East coast - productive fishing over winter and spring

by Michael Bok

Recently I had the chance to enjoy a days reef fishing with Rocky Carosi aboard Adosinda 11. I am a fisherman who will jump at any chance to fish with professional guides, as I am a firm believer that a days fishing with a good guide can teach you more than you can learn in ages by yourself.

The object of our days fishing was to check out some of the bottom fishing areas out of St Helens now that the game season had started to ease off.

I had heard that the reef and bottom fishing had very good potential there and Rocky was planning to offer charters over the non game season. There are quite a few reefs of St Helens, but had no idea of where to look and had not bothered trying to find them.

If you don't know where these sort of areas are, you can spend a lot of time and money on petrol looking for them, hence my liking for using guides, at least then you know the general area to start fishing. We left the ramp nice and early (well about 7:30 am) and headed out behind Elephant Rock with the area of jigging for some bait with some of these little fly style bait jigs you see advertised. We soon had enough bait and as their was a bit much breeze blowing, we decided to try a bit of drifting for some of these large tiger flathead. Rocky proceeded to set out a drogue anchor (something I have always wondered about how good they are) and we proceeded to pick up some nice flathead, including one very large one. It was interesting to see how effective these anchors are in slowing down a drift, enabling one to stay over a selected fishing area for longer. 

We continued with this until the weather eased off a bit and we proceeded to find one reef which Rocky likes to fish. Even though the conditions were not ideal, when we arrived at the reef the drogue anchor went over and the lines went down. We were to be fishing in 90 odd meters of water and I had a couple of fishing rods and reels that I fancied would be ideal for this fishing.

At the end of the day of the four pieces of gear I used, there would only be one I would take out again and that was a one piece 8 kg Silstar Crystal Powertip rod. The reels I used, had too slow a retrieve rate. When you are fishing in 90 odd meters you want reels that will get your lines up with a reasonable retrieve rate. The rod was great as it had plenty of strength to pull up fish, yet was sensitive enough in the tip to feel the bites. If I get the chance again, I will use a faster reel spooled with spider wire type line. This is one sort of fishing that would really benefit from it's use. Rocky has a couple of deck reels that I have used with him once before when we were fishing in 500 odd meters off the Continental Shelf.

These reels will retrieve over a metre of line per revolution - something you need to fish these huge depths. Our target fish from these reefs were to be Morwong and Striped Trumpeter, both great eating fish. We had some bother getting baits to the bottom as there appeared to be thousands of couta just under the boat just waiting to jump on our lines. When we did manage to get our baits to the bottom, we had reasonable success with Morwong, well I thought we did, but Rocky seemed to think that it wasn't as good as expected. I think he is a bit spoilt as I caught plenty of fish and had a great day ( any days fishing has to be great.) Several times during the day I turned around to see Rocky's 10 kg outfit doubled over with good fish hooked. By the end of the day, we had managed to get several different species of fish and both had a very good feed of lovely fresh fish out of the day. The only disappointment was that the elusive Trumpeter did not play ball. A day on the water over the cooler months can be a real gem, nice crisp morning, a pleasant day, not too many other boats and a good feed of fish. If you want a great day out give Rocky a ring and organise something different for a change. Just for the record, a bit of information about the Morwong.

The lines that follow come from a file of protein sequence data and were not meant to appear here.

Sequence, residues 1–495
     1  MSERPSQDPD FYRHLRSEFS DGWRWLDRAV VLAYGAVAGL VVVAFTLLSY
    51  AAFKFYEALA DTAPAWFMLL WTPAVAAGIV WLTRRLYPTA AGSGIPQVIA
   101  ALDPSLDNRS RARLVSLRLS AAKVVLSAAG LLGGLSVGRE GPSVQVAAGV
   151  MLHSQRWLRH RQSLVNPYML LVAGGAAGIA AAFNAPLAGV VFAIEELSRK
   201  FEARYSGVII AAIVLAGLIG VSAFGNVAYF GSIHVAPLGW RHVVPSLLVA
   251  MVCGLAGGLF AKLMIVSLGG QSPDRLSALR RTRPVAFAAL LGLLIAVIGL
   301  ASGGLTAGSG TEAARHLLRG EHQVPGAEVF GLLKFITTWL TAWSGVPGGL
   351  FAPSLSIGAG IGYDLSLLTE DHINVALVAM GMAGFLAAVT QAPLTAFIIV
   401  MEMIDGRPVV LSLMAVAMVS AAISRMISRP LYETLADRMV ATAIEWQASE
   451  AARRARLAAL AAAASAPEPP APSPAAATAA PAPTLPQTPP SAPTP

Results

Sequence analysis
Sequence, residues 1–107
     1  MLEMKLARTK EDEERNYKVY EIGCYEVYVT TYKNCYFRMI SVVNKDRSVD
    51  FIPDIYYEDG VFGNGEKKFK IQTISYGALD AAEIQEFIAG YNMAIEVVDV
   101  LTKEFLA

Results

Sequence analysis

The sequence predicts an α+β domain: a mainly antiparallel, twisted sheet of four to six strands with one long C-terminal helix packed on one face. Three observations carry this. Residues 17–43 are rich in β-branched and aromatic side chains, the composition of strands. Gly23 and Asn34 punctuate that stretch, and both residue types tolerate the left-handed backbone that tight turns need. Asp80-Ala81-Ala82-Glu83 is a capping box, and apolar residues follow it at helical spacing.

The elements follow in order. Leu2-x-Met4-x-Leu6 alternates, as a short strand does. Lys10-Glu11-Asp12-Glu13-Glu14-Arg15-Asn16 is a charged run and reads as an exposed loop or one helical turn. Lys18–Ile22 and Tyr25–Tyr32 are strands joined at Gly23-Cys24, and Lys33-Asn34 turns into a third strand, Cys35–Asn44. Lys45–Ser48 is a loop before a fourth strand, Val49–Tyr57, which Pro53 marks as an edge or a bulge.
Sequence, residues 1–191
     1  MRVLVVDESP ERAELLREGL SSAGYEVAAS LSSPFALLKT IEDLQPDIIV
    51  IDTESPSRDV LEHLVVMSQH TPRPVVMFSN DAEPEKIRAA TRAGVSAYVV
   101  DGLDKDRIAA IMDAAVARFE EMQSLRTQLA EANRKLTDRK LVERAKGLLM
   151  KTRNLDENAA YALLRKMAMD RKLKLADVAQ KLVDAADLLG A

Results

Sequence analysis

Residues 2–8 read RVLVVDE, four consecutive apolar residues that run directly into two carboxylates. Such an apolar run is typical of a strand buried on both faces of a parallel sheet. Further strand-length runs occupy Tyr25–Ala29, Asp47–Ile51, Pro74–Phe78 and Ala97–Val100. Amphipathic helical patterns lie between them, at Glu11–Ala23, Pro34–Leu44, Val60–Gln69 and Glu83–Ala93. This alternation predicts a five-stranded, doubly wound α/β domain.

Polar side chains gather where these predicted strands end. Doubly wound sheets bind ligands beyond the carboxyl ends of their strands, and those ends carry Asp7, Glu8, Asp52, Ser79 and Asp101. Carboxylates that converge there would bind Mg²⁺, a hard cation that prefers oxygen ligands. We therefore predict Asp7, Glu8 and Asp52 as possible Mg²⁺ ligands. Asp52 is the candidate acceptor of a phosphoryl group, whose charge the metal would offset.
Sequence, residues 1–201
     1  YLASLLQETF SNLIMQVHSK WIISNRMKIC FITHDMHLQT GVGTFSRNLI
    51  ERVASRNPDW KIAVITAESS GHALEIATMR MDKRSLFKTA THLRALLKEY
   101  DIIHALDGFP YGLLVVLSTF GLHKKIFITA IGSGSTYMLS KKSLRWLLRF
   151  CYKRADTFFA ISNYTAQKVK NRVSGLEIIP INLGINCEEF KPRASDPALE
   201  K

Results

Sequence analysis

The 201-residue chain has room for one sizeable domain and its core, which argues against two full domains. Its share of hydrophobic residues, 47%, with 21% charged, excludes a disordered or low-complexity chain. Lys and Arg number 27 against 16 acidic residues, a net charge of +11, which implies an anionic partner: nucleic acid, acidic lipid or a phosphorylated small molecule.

Morwong (Nemadactylus macropterus)

Family: Cheilodactylidae

Habitat: Rocky reef, sand and mud

Depth: 3 to 245 metres

Size: up to 61 cm

Food Habit: Benthic invertebrates zooplankton

Also known as squeaker perch or jackass fish. Juveniles enter shallow bays and coastal waters of Tasmania and Victoria. Adults are found on the Continental Shelf throughout southern Australia and are generally a schooling species. The Morwong can be identified by a black blotch behind the head during the day, however, this feature fades at night and four or five grey blotches appear on the side of the body. The above information came from a book "Coastal Fishes of Tasmania and Bass Strait" - Tasmanian Underwater Photographic Society. This book has great photographs and information which makes identifying fish very easy.

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